Lost or Stolen: Credit and ATM Cards

Increasingly, people find it convenient to shop with credit cards or to bank at automated teller machines (ATMs) with ATM cards. But the ease with which these cards can be used also makes them very attractive to thieves.

Loss or theft of credit and ATM cards is a serious consumer problem. However, two federal laws, the Fair Credit Billing Act (FCBA) and the Electronic Fund Transfer Act (EFTA), establish procedures for you and your creditors to follow to resolve problems with credit cards and electronic fund transfer accounts. This brochure explains what to do if any of your cards are missing or stolen, suggests how to protect your cards, and explains what you can expect from a credit card registration or protection service.

Limiting Your Financial Loss

There are at least two good financial reasons for you to report the loss or theft of your credit and ATM cards quickly. First, the sooner you report the loss, the more likely you will limit your liability if someone uses your card without your permission. Most card fraud occurs within the first 48 hours after a card is stolen.

Second, the sooner you report any loss, the more card costs in general can be kept down. You pay higher interest rates and annual fees because card fraud costs issuers hundreds of millions of dollars each year.

If any of your cards are missing or stolen, report the loss as soon as possible to your card issuers. Some companies have toll-free or WATS numbers printed on their statements and 24-hour service to accept such emergency information. For your own protection, you should follow up your phone calls with a letter to each card issuer. The letter should give your card number, say when your card was missing, and mention the date you called in the loss.

You may wish to check your homeowner's insurance policy to see if it covers your liability for card thefts. If not, some insurance companies will allow you to change your current policy to include protection for card losses.

If any unauthorized transactions appear on your bank statement, report them to the card issuer as soon as you can. As with a credit card, once you have reported the loss of your ATM card you cannot be held liable for additional amounts, even if more unauthorized transactions are made.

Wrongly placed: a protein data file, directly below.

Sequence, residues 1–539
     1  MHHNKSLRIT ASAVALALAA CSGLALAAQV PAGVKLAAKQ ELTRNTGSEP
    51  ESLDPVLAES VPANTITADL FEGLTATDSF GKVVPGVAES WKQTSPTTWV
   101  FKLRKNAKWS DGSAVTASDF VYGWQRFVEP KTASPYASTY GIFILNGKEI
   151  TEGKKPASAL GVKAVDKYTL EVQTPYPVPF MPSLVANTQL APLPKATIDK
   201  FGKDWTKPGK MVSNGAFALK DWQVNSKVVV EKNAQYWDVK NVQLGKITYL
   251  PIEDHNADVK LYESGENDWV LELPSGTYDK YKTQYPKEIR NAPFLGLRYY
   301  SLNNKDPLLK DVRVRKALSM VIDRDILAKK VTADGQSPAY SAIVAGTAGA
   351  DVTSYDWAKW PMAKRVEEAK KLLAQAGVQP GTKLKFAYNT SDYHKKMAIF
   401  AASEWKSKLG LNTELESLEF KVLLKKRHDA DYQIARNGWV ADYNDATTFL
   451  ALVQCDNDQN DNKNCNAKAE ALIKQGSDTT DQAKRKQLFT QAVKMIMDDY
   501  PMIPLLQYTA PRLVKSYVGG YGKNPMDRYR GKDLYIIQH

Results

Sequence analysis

Protecting Your Cards

The best protections against card fraud, of course, are to know where your cards are at all times and to keep them secure. For ATM card protection, it is important to keep your Personal Identification Number (PIN) a secret. Memorize this number. Statistics show that in one-third of ATM card frauds, cardholders wrote their PINS on their ATM cards or on slips of paper they kept with their cards.

The following suggestions may help you protect your credit and ATM card accounts.

For credit cards:

For ATM cards:

Buying a Card Registration Service

Many companies offer card registration and protection services that will notify all companies where you have credit and ATM card accounts in case your card is lost or stolen. With this service, you need make only one phone call to report all card losses instead of calling each card issuer individually. Also, most services will request replacement cards on your behalf. Registration services usually cost $10 to $35 yearly.

Purchasing a card registration may be a convenience to you, but it is not required by card issuers. The FCBA and the EFTA give you the right to contact credit card companies and ATM card issuers directly in the event of loss or suspected unauthorized use.

If you do decide to buy a registration service, compare offers and look for one that will best suit your needs. Read the service contract carefully to check the company's obligations and your liability. For example, will the company reimburse you if it fails to notify charge card loss promptly after you report the loss? If not, you could be liable for unauthorized charges.

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